On December 21 the Liverpool under Captain Henry Bellew arrived along with the store ship Maria and 400 marines changing the odds in Dunmore’s favor. Lord Dunmore, in a rash move, positioned the Liverpool, the Otter, the Kingfisher, and the Dunmore abreast of Norfolk’s waterfront. This formation triggered a mass exodus from Norfolk by its citizens as an attack appeared imminent. With this show of strength, Captain Bellew again requested supplies from the Virginians adding that he wished to avoid the “effusion of the blood of the innocent.” On December 30 Bellew and Howe exchanged heated pleasantries as Bellew demanded that American militia “avoid being seen” and implied that all women and children should leave Norfolk. On New Year’s Day 1776, 100 ships’ guns opened a terrific fire with shot and shell upon a mostly empty Norfolk continually for 25 hours. Torch bearing British marines soon followed and fought hand to hand combat with sentries onshore. Dunmore even managed to have the Snow burned during the general confusion of the attack. Although driven back, the marines managed to burn 19 houses along the waterfront. Conversely, American troops burned over 800 in the next few days in a drunken melee of savagery and vengeance against this tory bastion. When the flaming bacchanalia subsided, over one-third of Norfolk had been destroyed, although Colonel Howe stopped the depredations by January 3. The Liverpool and Otter traded fire with Virginians on shore on January 21 in a final attempt to burn the few remaining dwellings. Dunmore no longer need worry about holding Norfolk.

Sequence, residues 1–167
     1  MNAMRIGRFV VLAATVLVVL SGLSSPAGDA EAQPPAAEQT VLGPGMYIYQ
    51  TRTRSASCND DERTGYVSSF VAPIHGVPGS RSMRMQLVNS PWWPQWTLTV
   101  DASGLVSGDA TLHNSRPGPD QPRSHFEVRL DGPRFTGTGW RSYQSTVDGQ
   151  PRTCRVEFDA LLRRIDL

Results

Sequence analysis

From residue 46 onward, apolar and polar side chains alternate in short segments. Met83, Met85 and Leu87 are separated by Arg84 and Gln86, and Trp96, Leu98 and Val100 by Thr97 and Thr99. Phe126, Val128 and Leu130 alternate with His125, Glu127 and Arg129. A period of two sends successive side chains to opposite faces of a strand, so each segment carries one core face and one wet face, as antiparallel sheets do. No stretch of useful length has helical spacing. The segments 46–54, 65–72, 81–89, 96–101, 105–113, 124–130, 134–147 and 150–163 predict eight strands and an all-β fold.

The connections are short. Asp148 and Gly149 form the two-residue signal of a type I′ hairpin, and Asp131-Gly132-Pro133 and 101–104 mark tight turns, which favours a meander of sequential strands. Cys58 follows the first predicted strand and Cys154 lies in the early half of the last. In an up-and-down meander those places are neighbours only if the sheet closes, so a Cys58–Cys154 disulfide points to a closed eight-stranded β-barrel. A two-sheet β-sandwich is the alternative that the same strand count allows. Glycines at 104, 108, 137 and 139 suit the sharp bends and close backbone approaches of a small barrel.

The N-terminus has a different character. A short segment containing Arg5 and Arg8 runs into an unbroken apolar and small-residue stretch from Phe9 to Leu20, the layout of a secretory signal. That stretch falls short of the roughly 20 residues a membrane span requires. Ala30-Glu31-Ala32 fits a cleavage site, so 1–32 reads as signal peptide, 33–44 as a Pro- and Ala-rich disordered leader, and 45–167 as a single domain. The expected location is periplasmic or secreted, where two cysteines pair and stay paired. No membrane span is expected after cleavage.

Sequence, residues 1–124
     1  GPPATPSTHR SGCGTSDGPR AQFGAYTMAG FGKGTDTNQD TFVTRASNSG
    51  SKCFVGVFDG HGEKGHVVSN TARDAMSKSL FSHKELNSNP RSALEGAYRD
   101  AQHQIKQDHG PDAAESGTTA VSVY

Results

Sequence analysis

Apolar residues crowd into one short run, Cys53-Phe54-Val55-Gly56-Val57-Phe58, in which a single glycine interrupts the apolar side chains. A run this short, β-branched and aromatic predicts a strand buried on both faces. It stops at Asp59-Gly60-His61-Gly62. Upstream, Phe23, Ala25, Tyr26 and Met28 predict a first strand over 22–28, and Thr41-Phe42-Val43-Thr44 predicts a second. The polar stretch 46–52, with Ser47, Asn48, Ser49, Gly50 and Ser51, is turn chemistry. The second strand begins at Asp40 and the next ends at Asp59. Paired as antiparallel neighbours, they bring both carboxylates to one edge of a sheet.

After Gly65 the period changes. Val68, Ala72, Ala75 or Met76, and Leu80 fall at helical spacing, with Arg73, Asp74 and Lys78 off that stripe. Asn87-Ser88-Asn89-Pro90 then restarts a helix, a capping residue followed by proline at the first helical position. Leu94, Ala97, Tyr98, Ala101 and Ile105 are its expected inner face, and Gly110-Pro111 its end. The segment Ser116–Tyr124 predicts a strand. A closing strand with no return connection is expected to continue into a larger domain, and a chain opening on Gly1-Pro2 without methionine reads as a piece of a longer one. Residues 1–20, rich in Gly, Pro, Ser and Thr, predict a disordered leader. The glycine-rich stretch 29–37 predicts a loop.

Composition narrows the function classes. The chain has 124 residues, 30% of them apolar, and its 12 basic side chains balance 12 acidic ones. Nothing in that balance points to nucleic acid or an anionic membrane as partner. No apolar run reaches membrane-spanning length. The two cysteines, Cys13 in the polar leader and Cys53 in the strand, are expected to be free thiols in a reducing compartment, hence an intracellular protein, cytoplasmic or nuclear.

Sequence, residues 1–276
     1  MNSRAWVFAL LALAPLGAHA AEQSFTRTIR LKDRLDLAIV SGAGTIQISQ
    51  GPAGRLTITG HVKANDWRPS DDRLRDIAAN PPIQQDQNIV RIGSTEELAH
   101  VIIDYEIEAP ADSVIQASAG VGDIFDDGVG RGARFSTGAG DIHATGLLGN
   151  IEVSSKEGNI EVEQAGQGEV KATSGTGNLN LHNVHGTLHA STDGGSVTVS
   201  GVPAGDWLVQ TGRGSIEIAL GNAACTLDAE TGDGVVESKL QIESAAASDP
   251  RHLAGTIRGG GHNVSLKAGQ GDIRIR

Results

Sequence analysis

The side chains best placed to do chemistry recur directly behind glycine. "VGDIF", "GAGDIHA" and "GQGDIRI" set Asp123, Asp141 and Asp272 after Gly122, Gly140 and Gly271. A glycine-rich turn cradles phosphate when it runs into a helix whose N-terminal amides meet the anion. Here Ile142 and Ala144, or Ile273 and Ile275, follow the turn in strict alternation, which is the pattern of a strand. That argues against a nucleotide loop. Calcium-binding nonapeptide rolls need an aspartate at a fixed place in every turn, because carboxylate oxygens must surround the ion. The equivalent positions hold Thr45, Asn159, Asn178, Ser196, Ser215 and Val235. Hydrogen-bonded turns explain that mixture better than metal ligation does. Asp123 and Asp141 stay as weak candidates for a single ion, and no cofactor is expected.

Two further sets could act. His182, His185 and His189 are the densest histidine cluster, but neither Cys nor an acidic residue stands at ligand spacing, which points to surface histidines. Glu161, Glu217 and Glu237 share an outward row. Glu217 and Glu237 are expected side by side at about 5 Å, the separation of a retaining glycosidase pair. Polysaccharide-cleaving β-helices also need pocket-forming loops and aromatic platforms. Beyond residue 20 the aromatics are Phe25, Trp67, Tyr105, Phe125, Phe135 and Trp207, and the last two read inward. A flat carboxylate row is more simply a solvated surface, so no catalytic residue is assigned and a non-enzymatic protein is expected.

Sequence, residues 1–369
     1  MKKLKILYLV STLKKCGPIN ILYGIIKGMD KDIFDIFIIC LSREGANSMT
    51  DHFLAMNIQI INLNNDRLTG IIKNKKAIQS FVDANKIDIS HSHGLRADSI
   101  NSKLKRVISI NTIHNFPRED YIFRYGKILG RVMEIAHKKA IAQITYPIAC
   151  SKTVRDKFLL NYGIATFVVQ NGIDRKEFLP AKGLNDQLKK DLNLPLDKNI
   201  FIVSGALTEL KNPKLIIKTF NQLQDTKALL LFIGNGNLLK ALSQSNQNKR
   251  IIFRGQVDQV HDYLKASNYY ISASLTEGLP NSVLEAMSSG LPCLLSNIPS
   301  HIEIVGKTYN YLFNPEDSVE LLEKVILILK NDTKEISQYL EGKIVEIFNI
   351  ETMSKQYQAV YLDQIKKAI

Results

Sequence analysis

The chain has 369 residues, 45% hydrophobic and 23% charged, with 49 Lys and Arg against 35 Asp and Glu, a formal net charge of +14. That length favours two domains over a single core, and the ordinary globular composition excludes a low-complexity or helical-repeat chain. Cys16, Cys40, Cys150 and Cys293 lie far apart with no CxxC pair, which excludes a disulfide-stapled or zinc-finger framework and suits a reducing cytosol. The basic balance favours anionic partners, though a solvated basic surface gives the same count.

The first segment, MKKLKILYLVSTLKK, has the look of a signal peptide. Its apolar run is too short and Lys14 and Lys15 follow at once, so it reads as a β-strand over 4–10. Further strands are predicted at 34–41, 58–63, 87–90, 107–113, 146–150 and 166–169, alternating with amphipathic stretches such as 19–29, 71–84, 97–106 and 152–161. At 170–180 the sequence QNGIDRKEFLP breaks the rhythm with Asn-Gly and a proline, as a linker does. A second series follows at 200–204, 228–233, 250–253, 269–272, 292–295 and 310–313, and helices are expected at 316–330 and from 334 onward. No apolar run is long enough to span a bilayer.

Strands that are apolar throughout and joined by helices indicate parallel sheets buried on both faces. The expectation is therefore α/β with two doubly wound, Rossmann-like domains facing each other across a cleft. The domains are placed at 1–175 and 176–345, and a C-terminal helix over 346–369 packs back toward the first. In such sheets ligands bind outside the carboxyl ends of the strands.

Lord Dunmore had made a strategic mistake by putting Norfolk to the torch amidst his own tempestuous attitude. He did this despite recruiting thousands of men from Norfolk to his standard. With triumph slipping through his fingers he sought to destroy what he could not have resulting in a pyrrhic victory. Indeed, firing on Norfolk was considered barbaric and ill advised by most Britons since it was the best staging area and supply center in the Chesapeake. On January 5 the Naval Committee wrote to the Virginia Convention saying “The Congress attentive to the safety and security of every part of the united Colonies, and observing the peculiar distresses that the Colony of Virginia is liable from a Marine enemy, have with all possible expedition fitted out a small fleet of Armed Vessels, which they have ordered in the first place to the Bay of Chesapeak, if the winds and weather permit.” Dunmore’s time was running out as colonial leaders moved resources to Hampton Roads.